What are the outcomes of non-payments?

HMRC bailiffs will only visit your premises if you are unable to successfully negotiate a payment plan with HMRC or if you fail to pay the unpaid amount within 7 days. During their visit, the bailiffs will take an inventory of your company’s assets as part of the controlled assets agreement. You will be required to sign the inventory list, and if you refuse, the bailiffs may begin seizing your goods immediately.

If you do sign the agreement, the HMRC enforcement officers will have the right to seize your business goods at any time. It is important to note that your company’s directors will also be prohibited from selling or removing any of the listed goods, as doing so is a criminal offence that could worsen the situation.

Options available if you have been served an Enforcement Notice?

When it comes to addressing a debt owed to HMRC, you have a couple of options. One option is to pay the debt in full. Alternatively, you may be able to negotiate a Time to Pay arrangement, which allows you to pay the full tax bill over a longer period of time, typically three to six months.

At this point, it can be helpful to seek the advice of a licensed insolvency practitioner (IP). An IP can provide professional guidance and negotiate arrangements on your behalf, potentially saving you money and helping to keep your business running if it is deemed viable.

They can also assess your situation and determine if there are other options available to you, such as a Company Voluntary Arrangement or Administration, which can provide relief from creditor pressure and may be suitable for some businesses.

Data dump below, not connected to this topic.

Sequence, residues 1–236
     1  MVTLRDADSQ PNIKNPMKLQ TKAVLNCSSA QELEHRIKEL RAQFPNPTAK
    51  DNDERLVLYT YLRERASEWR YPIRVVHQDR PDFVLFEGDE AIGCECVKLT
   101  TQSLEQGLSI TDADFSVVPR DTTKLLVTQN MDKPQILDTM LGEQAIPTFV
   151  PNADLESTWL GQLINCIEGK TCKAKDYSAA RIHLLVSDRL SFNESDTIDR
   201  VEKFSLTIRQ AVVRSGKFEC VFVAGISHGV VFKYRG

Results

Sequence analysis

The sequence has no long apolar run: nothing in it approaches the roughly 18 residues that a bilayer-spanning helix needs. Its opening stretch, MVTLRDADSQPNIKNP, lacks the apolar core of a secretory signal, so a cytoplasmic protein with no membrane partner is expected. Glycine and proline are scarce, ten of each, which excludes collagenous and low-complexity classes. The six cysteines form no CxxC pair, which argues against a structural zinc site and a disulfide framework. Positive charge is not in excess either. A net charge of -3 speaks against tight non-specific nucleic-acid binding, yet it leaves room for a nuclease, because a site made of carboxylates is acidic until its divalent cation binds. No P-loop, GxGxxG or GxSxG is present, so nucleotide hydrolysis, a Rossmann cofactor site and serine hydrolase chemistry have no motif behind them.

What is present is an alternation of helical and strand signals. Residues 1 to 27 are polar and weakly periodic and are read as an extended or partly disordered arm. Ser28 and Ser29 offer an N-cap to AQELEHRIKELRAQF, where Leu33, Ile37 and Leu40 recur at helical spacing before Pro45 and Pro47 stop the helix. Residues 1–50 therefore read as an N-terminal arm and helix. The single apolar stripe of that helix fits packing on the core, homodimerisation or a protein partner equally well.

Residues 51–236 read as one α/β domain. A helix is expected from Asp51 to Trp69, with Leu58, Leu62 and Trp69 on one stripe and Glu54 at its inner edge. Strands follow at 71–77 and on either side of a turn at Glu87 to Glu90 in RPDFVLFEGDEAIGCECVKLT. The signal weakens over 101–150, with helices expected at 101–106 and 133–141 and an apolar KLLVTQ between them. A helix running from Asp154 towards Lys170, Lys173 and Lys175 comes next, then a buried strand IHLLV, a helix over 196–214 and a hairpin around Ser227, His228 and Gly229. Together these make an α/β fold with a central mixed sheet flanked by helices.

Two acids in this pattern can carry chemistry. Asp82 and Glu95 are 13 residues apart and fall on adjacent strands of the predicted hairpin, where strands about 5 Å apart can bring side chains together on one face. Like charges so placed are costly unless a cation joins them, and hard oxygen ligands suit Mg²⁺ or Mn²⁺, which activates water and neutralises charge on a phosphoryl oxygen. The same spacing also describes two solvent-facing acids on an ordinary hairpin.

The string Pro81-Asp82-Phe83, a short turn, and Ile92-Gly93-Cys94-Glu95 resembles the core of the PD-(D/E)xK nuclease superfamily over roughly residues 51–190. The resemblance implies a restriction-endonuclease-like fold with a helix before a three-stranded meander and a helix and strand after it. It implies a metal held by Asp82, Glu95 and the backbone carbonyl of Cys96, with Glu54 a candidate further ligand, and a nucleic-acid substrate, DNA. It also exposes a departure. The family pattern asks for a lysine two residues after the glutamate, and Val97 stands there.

Read more: Will HMRC force my business into liquidation?

Finding help with an HMRC enforcement notice?

We have a long history of offering clients all around the UK expert financial guidance and help. We are aware that problems with HMRC enforcement and insolvency may prevent a firm from operating normally or even compel it to close.

To avoid unfavourable outcomes, it is crucial to obtain financial assistance as soon as you can if you are subject to an HMRC enforcement action. Our team of highly qualified financial professionals is here to assist you in resolving these problems and defending your company. To assist you in negotiating a Time to Pay (TTP) arrangement with HMRC and avert the seizure of your assets, we provide specialist advice and support.

Don’t wait to take action. Contact us as soon as you receive a notice of enforcement for the best chances of success. You can reach us by phone, email, or web form, and we are available to schedule a callback if needed.

Steve Jones Profile
Insolvency & Restructuring Expert at Business Insolvency Helpline

With over three decades of experience in the business and turnaround sector, Steve Jones is one of the founders of Business Insolvency Helpline. With specialist knowledge of Insolvency, Liquidations, Administration, Pre-packs, CVA, MVL, Restructuring Advice and Company investment.